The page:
The unions mounted the legal challenge on behalf of millions of public sector workers after the switch
The Court of Appeal has today rejected the appeal brought by PCS, POA, FBU, NASUWT, UNITE and UNISON in relation to the switch in indexation from RPI to CPI for public sector pensions.
The switch in the measure used to increase public sector pensions annually also impacts on private sector schemes which do not have the RPI indexation written into their rules.
The unions mounted the legal challenge on behalf of millions of public sector workers after the switch – effective from next month – was announced by chancellor George Osborne in his 2010 budget without consultation or negotiation. He claimed it was the more appropriate measure. The unions have always contended it was a deficit reduction measure.
CPI is around 1.2% lower on average than RPI, but is estimated to widen to 1.4% according to the Office of Budget Responsibility, meaning the loss to existing public sector pensioners will be over 15% in the future.
The judicial review started in the High Court last October. The unions argued that the imposed move was not permitted under social security legislation, and that it reneged on assurances given by successive governments that RPI would apply.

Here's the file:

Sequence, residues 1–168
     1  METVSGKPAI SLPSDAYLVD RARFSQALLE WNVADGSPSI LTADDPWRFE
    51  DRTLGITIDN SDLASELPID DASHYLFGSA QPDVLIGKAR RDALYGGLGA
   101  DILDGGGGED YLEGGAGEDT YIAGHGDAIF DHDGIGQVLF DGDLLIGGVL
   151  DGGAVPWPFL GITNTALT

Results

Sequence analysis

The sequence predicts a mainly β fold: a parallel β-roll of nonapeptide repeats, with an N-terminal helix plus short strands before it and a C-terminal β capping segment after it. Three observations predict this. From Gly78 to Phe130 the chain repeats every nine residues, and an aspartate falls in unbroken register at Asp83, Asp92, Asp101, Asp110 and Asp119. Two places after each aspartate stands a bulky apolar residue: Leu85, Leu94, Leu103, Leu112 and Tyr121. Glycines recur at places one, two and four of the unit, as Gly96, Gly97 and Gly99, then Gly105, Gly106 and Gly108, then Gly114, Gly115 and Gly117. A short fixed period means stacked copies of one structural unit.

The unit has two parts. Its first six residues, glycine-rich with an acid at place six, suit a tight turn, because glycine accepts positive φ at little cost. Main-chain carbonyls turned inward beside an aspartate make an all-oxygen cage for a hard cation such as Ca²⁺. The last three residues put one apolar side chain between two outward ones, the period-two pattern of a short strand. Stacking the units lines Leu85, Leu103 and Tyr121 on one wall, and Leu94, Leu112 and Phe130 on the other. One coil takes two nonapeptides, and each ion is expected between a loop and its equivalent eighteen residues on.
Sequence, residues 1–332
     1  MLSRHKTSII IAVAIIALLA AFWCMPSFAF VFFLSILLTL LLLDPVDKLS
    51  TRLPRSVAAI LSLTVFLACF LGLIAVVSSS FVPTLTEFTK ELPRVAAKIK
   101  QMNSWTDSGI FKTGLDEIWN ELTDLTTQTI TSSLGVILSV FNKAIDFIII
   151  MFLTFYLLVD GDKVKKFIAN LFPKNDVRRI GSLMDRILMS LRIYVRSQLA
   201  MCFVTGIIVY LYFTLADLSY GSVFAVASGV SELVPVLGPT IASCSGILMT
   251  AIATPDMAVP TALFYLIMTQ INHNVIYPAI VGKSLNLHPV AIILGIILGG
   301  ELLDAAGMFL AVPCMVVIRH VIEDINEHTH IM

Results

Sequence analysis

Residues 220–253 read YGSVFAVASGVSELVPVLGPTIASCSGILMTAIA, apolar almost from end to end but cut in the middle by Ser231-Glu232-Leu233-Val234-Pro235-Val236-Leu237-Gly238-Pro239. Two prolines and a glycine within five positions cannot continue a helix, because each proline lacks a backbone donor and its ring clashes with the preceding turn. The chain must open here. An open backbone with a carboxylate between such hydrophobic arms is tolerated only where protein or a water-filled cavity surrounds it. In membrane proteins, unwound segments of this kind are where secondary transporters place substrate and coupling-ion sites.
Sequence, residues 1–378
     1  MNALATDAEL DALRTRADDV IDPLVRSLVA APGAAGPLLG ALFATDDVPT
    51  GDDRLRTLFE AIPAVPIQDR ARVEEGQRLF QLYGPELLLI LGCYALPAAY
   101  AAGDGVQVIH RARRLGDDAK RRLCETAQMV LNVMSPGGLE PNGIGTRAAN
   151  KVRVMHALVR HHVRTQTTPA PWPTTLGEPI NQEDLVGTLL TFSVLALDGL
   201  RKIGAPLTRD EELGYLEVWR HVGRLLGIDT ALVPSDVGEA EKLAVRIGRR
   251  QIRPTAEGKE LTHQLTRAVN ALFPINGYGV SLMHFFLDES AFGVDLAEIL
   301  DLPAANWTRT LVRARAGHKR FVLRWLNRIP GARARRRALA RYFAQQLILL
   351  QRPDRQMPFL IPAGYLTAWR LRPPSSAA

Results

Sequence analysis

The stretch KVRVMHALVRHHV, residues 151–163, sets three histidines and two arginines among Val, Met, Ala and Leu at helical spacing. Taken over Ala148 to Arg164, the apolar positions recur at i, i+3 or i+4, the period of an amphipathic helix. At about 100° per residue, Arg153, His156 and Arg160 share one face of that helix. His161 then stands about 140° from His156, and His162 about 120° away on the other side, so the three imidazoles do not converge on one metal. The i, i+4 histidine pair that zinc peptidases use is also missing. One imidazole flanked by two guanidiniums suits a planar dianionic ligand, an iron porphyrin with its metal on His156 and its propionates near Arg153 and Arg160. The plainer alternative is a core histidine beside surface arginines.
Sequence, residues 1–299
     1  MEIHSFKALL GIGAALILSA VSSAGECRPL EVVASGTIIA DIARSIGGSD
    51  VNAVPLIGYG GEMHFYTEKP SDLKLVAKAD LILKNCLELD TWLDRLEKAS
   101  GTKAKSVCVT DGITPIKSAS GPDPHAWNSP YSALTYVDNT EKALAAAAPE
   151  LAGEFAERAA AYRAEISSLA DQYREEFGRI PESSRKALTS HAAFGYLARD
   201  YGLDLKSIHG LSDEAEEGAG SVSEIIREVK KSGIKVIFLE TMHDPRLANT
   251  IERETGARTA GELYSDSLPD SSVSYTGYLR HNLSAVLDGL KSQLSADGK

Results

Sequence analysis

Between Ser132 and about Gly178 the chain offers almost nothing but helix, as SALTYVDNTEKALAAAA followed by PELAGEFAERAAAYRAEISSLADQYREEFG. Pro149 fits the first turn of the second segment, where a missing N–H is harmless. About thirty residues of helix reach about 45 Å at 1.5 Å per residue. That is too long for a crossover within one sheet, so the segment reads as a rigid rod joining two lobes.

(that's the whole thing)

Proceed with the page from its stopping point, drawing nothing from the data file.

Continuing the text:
While all three High Court judges agreed with the unions that deficit reduction was the motivation for the switch, two of them said the Secretary of State for Work and Pensions was within his rights to take into account public finances.
Now the Court of Appeal has ruled that the government was entitled to take into account the national economic situation when deciding to adopt CPI from this year. The Court also ruled that, even if the national economic situation had been discounted, the government would still have adopted CPI on the basis of the advice it had received.
The unions will now be considering their next steps.